As to Wisconsin’s forests being clear cut, that is certainly true. Little was left of the state’s virgin timber by 1910. Hamilton could hardly be criticized as the cause of this, however, as the bulk of the forests were floated down the Mississippi River or along the Great Lakes to large cities where the lumber was used for construction of homes, factories, etc. Hamilton’s use of wood was an infinitesimal part of that.
The knavery of the lumber barons in my hometown in Wisconsin was far more devastating than the wrong-doings that the Hamilton company may have perpetrated.
—Bob M.


Your information is about as succinct and correct as it gets.


As kimaboe states…
“Typefaces are not protected by copyright in the United States and never have been.”
That (I believe) is correct because…
A COPYRIGHT is the right of an author or those who acquire authority from him to the exclusive publication of a LITERARY work.
A PATENT is a writing securing for a term of years the exclusive right to make, use, or sell an INVENTION.
Therefore typefaces have been and are protected by PATENTS, not copyrights!
St. Louis Type Foundry, Barnhart Brothers and Spindler, American Type Founders, among others, in their specimen books and other advertising, ALL used the words: U. S Patent No. 000000, Patent Applied For, Patent Pending.
I don’t recall any type foundry using the word COPYRIGHT in reference to a type face.
And a question:
Did the EMPIRE TYPE FOUNDRY, of N.Y. violate patent laws by changing (mainly the cap R) a character in a patented font and renaming it to a name very similar to the original?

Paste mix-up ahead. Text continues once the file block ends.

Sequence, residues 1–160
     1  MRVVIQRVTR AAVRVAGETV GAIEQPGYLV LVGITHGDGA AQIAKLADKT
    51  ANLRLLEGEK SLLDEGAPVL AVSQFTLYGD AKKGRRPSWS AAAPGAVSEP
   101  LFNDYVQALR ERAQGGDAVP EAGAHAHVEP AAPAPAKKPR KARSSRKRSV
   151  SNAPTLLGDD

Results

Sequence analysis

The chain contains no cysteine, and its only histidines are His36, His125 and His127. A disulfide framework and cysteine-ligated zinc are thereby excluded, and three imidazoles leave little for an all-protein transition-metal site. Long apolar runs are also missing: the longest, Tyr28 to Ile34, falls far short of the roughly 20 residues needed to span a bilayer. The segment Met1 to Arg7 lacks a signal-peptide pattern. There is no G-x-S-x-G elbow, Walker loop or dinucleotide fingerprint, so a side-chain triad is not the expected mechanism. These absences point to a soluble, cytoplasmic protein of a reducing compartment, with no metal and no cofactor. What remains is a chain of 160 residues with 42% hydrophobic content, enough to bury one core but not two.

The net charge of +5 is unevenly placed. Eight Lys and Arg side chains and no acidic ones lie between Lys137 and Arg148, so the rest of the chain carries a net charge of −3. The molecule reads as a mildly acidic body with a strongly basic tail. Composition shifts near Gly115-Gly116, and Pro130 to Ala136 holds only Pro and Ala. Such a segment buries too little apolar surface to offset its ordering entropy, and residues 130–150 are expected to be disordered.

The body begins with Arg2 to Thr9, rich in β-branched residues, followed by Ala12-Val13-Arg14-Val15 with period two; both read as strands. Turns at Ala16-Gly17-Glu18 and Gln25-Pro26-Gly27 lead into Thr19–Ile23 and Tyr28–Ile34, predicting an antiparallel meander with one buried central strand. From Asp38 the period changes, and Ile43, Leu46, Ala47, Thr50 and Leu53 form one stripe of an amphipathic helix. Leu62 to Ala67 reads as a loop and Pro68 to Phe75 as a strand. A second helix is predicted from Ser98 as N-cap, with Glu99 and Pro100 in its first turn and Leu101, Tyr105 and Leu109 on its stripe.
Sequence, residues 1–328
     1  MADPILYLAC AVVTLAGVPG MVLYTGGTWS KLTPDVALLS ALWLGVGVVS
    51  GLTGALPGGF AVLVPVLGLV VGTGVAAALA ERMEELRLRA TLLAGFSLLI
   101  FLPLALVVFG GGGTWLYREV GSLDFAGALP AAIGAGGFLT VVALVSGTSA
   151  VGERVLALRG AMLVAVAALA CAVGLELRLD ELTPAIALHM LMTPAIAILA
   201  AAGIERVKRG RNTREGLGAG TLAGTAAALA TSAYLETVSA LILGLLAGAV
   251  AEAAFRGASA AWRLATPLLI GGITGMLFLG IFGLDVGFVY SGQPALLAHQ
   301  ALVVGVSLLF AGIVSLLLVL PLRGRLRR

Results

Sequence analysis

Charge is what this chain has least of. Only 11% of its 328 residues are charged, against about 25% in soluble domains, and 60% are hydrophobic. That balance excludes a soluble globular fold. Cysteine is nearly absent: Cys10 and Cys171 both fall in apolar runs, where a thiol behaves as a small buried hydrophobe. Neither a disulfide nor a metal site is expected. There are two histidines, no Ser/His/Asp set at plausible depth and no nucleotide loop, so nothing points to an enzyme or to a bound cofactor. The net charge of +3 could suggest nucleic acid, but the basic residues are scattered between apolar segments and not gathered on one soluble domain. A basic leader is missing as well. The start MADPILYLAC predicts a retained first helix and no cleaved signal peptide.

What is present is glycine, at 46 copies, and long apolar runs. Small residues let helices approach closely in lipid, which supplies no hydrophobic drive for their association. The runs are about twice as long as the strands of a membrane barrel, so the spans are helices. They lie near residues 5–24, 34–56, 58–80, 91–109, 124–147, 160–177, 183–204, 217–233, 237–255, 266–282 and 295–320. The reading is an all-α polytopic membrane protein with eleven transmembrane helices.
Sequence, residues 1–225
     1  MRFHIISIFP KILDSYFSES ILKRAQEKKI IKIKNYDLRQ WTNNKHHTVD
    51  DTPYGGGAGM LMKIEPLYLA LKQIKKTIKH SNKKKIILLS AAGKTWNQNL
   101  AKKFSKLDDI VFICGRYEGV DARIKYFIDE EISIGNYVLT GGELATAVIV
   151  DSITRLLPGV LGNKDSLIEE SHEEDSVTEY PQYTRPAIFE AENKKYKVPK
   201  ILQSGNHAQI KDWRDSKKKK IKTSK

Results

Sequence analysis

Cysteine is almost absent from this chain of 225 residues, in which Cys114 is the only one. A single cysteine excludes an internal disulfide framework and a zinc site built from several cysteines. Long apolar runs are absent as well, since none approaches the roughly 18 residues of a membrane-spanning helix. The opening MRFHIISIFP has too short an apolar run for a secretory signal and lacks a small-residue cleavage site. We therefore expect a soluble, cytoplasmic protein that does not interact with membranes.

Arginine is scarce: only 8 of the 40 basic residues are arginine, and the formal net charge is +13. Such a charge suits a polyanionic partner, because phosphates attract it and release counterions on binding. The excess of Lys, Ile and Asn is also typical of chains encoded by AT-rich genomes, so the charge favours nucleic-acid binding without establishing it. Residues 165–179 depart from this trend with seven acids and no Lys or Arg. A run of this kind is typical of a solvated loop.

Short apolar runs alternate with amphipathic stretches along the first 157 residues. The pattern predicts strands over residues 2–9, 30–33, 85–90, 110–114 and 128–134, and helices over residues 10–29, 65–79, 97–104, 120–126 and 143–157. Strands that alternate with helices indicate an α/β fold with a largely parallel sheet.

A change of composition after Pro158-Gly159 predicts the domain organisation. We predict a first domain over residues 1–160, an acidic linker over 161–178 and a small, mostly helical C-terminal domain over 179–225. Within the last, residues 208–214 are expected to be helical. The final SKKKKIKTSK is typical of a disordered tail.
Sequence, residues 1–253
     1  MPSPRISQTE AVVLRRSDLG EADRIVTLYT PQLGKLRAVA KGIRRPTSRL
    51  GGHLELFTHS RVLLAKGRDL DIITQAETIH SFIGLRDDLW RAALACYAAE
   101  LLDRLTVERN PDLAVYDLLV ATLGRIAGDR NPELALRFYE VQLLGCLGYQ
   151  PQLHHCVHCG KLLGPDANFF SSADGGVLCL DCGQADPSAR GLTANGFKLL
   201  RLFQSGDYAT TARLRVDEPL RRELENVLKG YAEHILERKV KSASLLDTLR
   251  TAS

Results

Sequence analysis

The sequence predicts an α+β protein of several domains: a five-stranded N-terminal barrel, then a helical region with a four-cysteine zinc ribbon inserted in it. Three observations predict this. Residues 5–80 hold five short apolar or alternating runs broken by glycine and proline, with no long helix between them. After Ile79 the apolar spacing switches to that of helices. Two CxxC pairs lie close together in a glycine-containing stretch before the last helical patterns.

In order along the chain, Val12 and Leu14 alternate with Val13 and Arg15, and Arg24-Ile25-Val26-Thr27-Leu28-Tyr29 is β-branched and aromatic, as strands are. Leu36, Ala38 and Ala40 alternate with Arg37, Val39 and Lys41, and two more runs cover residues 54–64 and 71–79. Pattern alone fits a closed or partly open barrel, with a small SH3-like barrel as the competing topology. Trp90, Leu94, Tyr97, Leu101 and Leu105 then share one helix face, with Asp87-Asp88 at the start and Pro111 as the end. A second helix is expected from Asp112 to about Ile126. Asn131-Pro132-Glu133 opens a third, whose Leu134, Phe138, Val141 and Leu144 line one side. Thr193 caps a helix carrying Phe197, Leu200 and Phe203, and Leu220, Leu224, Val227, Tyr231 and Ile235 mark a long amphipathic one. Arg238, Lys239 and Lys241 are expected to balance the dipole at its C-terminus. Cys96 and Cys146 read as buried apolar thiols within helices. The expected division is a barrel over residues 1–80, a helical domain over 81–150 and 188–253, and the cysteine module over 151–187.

First of all, it is worth nothing that copyright does not only apply to literary works, but any original intellectual property from the moment of creation excluding utilitarian designs.

Secondly, typefaces could *theoretically* be protected by design patents, however I am not sure if anyone has ever tried applying for a design patent to a typeface in the US in recent memory. That is not surprising.

While typefaces are considered industrial designs (or a utilitarian design) and not as intellectual property in the eyes of the law, it is unlikely that a design patent on one would be awarded today.

The non-protection of typeface designs is a conscious decision, upheld in the US for many reasons. Copyright or patent protection of a design would open a huge can of worms, enabling claims by typeface-designers to ownership of independently arrived at designs or works created using their typefaces. This would have potentially catastrophic impacts across all types of media. The justification for exception from copyright is that the utility of typefaces far outweighs the benefits of extending protection to their creative elements.

In countries with copyright protection on typeface designs, the use of the designs is also protected from such claims, as long as the correct font software license was held by the creator.

Another reason is that design patents have very strict requirements and few typeface designs would qualify for them due to the requirements of being a “novel and not obvious” design.

I would think that it would be difficult to claim a typeface based on normal alphanumeric characters as satisfying either of those, especially when considering any similarity at all to existing typeface styles which would further take away from such a claim.

Personally, I am having a hard time coming up with a typeface that *would* qualify for a design patent, while I could rattle of a significant list of ones in which the software application would certainly be eligible for utility patents.

Design patents on anything can cause a lot of conflict due to their nature, see Apple vs Samsung for a recent high-profile example.